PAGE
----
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  • Provenance

    Galería de Arte Mexicano, Mexico City
    Private Collection, Mexico City
    By descent to Private Collection, Mexico City
    Sotheby's, New York, Latin American Art, May 24, 2005, lot 44
    Acquired from the above sale by the present owner

  • Catalogue Essay

    Leonora Carrington’s contribution to international art has placed her as one of the most important Surrealist painters of her time. The present lot is a delightful, fantastical work that is replete with Carrington’s characteristic symbols and references to the occult, Celtic traditions, alchemy, magic, and witchcraft. It demonstrates how Carrington was entranced by these influences, creating an unorthodox and unique artistic language within the canon of Surrealism by incorporating fairytale-like imagery into her paintings.

    Carrington had already been enthralled at a very early age by fables and fantastical stories that she learned from her Irish nanny, which would later exert an influence in her works. In 1936, during the International Surrealist Exhibition in London, she was fascinated by the works of renowned Surrealist artist, Max Ernst, whom she later met and with whom she became romantically involved. In 1938 they settled in Southern France and worked collaboratively on a project of guardian animal sculptures to decorate their home. Ernst created his signature birds and Carrington created a plaster horse head. Their collaboration would be reflected as subject matter in her paintings, as well as in the technique of frottage. The onset of World War II brought a series of traumatic events that would end their relationship and which would motivate her to emigrate to Mexico. Mexico was a captivating place, where everything was new and where she considered that magic was part of everyday life. It was during her time there that her work flourished and she started creating complex compositions with a variegated iconography. She began an extensive exploration of mythological and esoteric traditions in order to incorporate certain symbols into her work and to heighten her signature iconography. This led her to produce some of her most mature works, which would be exhibited internationally and in Mexico.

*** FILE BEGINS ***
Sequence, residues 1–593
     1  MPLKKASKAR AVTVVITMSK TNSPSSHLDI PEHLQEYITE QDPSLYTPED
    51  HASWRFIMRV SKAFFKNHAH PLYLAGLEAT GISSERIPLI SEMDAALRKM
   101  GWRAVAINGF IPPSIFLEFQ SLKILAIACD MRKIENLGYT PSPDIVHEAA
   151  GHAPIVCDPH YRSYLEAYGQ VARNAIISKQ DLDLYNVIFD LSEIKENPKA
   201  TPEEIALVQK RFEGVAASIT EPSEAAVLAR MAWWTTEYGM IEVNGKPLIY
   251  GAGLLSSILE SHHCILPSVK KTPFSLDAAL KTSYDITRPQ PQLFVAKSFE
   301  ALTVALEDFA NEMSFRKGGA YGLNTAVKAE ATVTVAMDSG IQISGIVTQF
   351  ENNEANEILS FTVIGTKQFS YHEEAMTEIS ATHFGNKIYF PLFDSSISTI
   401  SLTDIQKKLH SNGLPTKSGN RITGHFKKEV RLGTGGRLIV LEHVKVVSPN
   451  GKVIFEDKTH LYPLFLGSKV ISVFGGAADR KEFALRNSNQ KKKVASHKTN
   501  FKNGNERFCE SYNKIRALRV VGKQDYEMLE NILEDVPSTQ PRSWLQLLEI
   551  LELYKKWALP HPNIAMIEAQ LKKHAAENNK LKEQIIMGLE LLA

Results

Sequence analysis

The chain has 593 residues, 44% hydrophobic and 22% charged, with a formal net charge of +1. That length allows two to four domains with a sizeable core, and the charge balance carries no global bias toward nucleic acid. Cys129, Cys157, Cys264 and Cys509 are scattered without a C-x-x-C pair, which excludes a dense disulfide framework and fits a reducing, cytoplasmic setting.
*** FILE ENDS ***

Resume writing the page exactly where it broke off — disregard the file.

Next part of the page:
Around 1956, Galería de Arte Mexicano, the most important and influential venue for modern Mexican artists at the time, became Carrington’s primary dealer, and there she was included in several important Surrealist exhibitions. By the 1960s Carrington was fully versed in a number of esoteric traditions and her work depicted a vast repertoire of subjects and symbols that are evident in the present lot as well as in other works from this period. This work is populated with astounding bird characters, reminiscent of those she made collaboratively with Ernst. These resplendent birds of different sizes and types are all flying in different directions. They blend with the background and are intricately elaborated. The transparent quality of the birds and the landscape produce an ethereal feeling, as if the viewer were moving in a supernatural place. This is not surprising because for alchemists air is the essential element of birds and, thus, they mediate between the earthly realm and the heavenly sphere. In short, Trout Finch epitomizes her unbounded and versatile Surrealist universe.

  • Artist Biography

    Leonora Carrington

    British / Mexican • 1917 - 2011

    At the core of Leonora Carrington's Surrealist oeuvre is a preoccupation with gender and feminist issues. Born to a wealthy family in Lancashire, England, Carrington demonstrated an interest in art at a young age and enrolled at Chelsea School of Art in London. Carrington first became interested in Surrealism after having attended the 1939 International Surrealist Exhibition, and later entered into a relationship with German Surrealist painter Max Ernst.

    Like many European intellectuals and artists, Carrington fled war-torn Europe and settled in Mexico where she was greatly influenced by the cultural and religious syncretism. Carrington's unique Surrealist aesthetic is one that often features females as the central figure and includes fairytale-like imagery.

    View More Works

29

Trout Finch

circa 1959
oil on canvas
21 3/4 x 27 1/4 in. (55.2 x 69.2 cm)
Signed "Leonora Carrington" lower left.

Estimate
$200,000 - 300,000 

Contact Specialist
Kaeli Deane
Head of Sale
New York
+1 212 940 1352

Latin America

New York Auction 18 November 2015 6pm